Burundi: IDA provides USD40 million for poorest households



The International Development Association (IDA) has provided an additional $40 million through the World Bank to help support Burundi’s poorest households.

The Burundi National Assembly approved the distribution of the money on Thursday, which will be split between 48,000 households in some of the country’s poorest provinces.


Additional funds for Burundi’s most vulnerable

“Each household will receive an amount of BIF 20,000 per month for a period of 30 months”, said Martin Nivyabandi, the Minister of Human Rights, Gender and Social Affairs, on Thursday.

Kirundo, Karuzi, Ruyigi and Gitega have been selected for the pilot programme, he confirmed. “It has been found that there is more poverty in these provinces than in others.”

“We are going to identify the most vulnerable people, according to levels of poverty and malnutrition, as well as establish accompanying measures to avoid any trouble,” he added.


Women to receive money

The funds will be given to the women of each household, who normally manage family budgets in Burundi. Gabriel Rufyiri, chairman of OLUCOME – a watchdog that fights corruption and economic embezzlement – is urging the Burundi government to establish an independent commission to ensure the money is distributed correctly.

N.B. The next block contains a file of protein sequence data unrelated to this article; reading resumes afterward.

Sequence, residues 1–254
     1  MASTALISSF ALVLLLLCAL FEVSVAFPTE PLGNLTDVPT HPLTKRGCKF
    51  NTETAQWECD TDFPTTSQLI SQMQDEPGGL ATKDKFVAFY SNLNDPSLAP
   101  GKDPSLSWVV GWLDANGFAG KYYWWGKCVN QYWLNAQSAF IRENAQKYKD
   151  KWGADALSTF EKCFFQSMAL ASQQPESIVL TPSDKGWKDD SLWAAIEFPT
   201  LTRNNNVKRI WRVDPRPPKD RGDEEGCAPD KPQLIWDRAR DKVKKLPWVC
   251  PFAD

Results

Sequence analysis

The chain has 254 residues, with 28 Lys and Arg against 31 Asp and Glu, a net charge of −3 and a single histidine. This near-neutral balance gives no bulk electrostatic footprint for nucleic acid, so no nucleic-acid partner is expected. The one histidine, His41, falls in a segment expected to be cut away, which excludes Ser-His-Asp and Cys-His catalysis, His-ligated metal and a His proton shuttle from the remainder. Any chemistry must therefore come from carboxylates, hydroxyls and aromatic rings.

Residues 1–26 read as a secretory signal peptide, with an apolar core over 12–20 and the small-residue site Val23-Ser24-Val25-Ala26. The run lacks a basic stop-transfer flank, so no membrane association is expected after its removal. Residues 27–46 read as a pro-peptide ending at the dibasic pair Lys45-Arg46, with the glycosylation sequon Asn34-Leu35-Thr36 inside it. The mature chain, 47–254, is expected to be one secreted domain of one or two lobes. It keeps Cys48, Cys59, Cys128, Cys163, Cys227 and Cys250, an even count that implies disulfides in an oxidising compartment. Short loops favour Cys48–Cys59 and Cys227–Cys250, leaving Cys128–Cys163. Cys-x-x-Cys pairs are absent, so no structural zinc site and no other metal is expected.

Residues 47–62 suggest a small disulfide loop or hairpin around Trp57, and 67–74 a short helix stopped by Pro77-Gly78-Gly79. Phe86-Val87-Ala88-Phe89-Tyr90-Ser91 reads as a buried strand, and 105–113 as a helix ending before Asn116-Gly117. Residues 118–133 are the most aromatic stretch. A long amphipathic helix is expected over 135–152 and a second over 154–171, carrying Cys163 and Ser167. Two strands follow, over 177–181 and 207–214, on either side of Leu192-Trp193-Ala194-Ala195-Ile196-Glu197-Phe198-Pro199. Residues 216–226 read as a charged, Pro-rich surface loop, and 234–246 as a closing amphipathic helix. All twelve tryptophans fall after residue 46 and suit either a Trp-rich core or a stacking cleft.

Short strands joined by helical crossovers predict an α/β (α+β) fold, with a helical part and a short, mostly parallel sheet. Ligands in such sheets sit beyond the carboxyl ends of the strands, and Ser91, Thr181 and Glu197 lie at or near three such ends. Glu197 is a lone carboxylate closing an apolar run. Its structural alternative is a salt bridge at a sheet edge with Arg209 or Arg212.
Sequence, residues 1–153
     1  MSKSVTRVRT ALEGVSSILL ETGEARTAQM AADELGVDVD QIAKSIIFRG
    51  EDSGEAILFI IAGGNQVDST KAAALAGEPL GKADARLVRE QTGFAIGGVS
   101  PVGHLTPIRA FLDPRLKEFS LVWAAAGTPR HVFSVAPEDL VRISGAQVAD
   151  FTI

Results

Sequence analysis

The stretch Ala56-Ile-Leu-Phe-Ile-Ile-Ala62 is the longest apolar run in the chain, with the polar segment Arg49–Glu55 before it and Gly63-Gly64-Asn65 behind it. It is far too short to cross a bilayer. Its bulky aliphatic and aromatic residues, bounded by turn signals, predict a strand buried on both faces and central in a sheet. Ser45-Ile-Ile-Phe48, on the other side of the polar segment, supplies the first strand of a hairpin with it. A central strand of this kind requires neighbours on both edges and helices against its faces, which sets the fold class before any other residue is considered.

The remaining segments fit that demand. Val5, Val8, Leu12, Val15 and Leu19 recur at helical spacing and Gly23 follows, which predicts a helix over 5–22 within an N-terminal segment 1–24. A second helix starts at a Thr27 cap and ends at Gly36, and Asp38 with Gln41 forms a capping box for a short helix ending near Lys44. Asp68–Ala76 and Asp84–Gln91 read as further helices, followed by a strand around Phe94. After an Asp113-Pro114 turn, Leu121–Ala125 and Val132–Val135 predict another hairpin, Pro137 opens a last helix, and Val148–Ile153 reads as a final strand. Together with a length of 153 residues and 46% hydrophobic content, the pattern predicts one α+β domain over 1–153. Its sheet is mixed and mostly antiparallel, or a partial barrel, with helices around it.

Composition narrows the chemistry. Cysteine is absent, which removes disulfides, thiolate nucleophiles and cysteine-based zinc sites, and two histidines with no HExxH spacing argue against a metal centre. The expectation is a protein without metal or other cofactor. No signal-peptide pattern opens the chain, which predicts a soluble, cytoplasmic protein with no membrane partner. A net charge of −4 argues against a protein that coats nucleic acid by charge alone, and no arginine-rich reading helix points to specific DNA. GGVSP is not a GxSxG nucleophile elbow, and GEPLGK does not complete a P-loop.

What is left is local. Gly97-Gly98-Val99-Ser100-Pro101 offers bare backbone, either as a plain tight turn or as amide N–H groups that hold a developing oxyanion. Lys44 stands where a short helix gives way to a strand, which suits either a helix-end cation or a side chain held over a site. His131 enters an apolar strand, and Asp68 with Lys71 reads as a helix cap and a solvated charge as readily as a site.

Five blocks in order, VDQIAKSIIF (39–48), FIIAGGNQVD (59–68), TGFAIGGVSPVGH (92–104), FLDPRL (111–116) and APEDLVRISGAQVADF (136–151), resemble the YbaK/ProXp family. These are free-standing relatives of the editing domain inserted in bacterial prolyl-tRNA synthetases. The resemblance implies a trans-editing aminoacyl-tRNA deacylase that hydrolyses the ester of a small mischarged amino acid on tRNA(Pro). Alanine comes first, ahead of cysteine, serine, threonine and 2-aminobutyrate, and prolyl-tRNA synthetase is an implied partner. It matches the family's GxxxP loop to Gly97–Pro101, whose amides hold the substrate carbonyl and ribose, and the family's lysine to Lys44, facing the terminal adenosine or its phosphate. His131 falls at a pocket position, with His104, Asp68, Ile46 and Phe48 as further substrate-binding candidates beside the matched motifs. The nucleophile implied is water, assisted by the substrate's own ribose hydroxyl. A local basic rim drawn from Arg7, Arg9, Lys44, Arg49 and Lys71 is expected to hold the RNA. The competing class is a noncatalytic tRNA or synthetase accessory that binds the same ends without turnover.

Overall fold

“We know what happened in the country in the past,” he said. “The Burundi government is no longer credible. The distribution chain must be transparent, from the financing to the beneficiaries.”

Burundi has endured a difficult few years of national insecurity, compounded by a vicious outbreak of malaria and recent floods in the capital. Like much of East Africa, food insecurity is also a growing concern, jumping from 2.1 to 3 million between October 2016 and January 2017 – a 43% increase.


Featured image: By ChuckTBaker – Own work This file was derived from320 worldbank-logo.jpg:, CC BY-SA 3.0, https://commons.wikimedia.org/w/index.php?curid=32076789

About Aaron Brooks

Aaron Brooks is a UK journalist who wants to cut out the international agendas in news. Spending his early years in both England and Northern Ireland he saw the difference between reality and media coverage at an early age. After graduating from the University of Chester with a BA in journalism, his travels revealed just how large the gap between news and the real world can be. As Editor-in-Chief at East Africa Monitor, it’s his job to provide a balanced view of what’s going on in the region for English-speaking audiences.